This stunning plant, with its colourful display of large green leaves with blotchy-white patches, saw an imaginative folk legend arise about it. The legend says, that as the Virgin Mary was feeding baby Jesus, some of her milk dropped on the thistle near her feet, which produced the white ‘spilt-milk’ effect, which has distinguished this herb ever since and as a consequence it has been a revered herb, receiving the many common names listed above.
St. Mary’s Thistle has a long history of use in the West as a remedy for depression and liver problems. The liver could be called the hardest working organ of our body, with many vital functions to perform. Due to our toxin-laden food and environment, it may become an over-loaded swamp of poisons. From 1940-1970 numerous research projects confirmed the plant’s remarkable ability to assist the liver in repair, and also to protect from the detrimental effects of alcohol, drugs, toxic foods, heavy metals, and chemicals.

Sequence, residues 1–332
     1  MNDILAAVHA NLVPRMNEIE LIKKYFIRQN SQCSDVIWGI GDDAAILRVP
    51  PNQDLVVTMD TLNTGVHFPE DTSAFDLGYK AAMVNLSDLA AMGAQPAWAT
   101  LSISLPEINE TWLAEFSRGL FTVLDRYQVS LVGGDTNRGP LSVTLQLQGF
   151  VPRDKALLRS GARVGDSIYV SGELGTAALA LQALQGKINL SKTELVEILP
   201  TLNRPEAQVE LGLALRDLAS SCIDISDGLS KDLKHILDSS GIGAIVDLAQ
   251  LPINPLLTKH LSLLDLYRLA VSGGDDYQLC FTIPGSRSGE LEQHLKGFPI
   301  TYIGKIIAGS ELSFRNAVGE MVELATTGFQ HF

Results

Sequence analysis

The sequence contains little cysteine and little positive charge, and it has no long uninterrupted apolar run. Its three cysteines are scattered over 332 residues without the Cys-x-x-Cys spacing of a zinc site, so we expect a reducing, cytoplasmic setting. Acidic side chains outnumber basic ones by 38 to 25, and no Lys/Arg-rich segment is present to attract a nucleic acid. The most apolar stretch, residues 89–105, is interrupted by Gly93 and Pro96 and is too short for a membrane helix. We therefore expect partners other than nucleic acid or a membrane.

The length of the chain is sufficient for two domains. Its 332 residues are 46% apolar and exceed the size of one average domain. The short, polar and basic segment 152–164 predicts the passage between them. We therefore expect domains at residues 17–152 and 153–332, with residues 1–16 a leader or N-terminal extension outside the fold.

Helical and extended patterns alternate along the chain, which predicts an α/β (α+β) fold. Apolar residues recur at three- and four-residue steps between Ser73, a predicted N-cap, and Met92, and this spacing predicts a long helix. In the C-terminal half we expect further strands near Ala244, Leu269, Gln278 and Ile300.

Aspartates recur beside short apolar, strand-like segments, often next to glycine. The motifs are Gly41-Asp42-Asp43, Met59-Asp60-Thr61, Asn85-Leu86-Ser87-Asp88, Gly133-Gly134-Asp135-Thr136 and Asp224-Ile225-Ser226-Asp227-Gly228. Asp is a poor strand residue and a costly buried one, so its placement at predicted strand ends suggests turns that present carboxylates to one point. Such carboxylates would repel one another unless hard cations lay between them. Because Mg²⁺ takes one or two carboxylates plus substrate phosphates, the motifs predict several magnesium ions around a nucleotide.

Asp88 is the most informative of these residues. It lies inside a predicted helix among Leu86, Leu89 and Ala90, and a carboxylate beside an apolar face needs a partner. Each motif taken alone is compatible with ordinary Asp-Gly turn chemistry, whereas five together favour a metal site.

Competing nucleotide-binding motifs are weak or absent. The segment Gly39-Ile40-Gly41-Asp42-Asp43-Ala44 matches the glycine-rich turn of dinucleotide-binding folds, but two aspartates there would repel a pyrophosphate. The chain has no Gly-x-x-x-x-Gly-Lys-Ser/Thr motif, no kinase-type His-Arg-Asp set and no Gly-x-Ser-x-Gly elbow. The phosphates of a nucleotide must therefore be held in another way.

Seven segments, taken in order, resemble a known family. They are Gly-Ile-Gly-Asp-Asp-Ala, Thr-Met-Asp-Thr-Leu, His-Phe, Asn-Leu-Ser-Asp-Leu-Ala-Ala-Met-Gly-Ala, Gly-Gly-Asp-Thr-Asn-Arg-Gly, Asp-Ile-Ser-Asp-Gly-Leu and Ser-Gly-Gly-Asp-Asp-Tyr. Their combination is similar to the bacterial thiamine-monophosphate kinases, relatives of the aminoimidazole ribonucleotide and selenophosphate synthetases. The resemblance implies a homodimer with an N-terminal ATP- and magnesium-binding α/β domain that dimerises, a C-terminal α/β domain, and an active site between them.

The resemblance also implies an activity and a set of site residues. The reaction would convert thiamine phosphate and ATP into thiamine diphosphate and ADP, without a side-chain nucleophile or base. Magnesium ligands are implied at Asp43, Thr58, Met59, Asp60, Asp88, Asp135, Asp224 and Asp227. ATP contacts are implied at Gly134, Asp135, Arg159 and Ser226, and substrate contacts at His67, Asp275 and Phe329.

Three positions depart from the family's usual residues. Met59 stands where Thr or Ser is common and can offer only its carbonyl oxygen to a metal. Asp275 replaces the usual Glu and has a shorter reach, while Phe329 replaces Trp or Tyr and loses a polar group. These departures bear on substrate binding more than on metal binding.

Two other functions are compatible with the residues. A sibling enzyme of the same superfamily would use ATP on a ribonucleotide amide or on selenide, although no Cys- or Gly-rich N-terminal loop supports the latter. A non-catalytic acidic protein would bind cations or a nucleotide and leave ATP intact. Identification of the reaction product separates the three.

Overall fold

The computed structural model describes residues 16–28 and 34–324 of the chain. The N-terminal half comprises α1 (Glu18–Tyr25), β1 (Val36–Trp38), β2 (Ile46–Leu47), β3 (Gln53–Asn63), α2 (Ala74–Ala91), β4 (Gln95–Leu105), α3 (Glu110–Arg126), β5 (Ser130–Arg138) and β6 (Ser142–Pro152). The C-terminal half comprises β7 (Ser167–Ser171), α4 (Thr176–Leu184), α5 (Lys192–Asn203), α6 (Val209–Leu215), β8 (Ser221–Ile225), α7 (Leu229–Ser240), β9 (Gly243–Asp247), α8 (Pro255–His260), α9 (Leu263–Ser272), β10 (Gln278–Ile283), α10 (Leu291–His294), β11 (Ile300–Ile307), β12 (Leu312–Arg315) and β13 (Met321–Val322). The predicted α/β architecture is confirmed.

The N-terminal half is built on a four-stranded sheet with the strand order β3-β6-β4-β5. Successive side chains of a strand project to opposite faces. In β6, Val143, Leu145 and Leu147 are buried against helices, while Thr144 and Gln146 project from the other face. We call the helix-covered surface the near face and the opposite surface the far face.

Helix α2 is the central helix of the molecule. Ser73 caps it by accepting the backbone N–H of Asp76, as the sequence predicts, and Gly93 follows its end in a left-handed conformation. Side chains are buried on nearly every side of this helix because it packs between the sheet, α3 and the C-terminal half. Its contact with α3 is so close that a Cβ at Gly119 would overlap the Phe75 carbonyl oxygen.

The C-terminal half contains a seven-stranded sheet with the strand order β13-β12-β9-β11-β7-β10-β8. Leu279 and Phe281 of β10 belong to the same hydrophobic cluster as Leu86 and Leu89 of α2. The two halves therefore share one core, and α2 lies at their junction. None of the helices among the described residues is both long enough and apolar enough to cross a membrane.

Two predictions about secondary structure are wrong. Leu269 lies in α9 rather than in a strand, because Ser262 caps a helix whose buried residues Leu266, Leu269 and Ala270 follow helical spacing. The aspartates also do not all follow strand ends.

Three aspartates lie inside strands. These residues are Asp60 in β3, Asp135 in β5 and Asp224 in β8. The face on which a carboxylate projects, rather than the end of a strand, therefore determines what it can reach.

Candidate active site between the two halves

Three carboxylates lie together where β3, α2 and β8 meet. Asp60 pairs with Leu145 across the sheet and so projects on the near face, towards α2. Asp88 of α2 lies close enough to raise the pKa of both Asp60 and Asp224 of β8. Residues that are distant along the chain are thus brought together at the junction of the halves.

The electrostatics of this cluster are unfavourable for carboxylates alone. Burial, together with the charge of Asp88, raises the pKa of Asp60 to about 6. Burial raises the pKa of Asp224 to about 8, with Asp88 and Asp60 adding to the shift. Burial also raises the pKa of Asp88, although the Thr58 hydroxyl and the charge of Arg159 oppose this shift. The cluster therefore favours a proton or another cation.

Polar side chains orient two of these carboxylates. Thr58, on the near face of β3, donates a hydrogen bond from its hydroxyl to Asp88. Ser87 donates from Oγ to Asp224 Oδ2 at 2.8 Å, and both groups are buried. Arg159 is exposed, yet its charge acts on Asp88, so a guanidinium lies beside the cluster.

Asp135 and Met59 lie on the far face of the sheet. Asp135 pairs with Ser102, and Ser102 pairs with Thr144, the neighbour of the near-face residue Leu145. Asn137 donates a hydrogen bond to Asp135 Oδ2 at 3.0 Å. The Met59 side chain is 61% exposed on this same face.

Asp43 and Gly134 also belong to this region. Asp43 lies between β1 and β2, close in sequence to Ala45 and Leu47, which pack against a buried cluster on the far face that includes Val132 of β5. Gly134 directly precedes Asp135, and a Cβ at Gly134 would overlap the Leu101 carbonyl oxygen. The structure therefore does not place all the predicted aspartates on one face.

Silymarin, an extract from the seed, acts on the membranes of the liver cells preventing the entry of virus toxins and other toxic compounds and thus preventing damage to the cells. It also dramatically improves liver regeneration in hepatitis, cirrhosis, mushroom poisoning and other diseases of the liver.
Milk thistle has also been shown to lower cholesterol levels, reduce insulin resistance in people with type 2 diabetes who also have cirrhosis, reduce the growth of cancer cells in breast, cervical, and prostate cancers, and reduce the liver damaging effects of chemotherapeutic drugs.
There is insufficient evidence regarding Milk Thistle in pregnancy, therefore it is best avoided. It may lower blood sugar, use with caution in diabetes.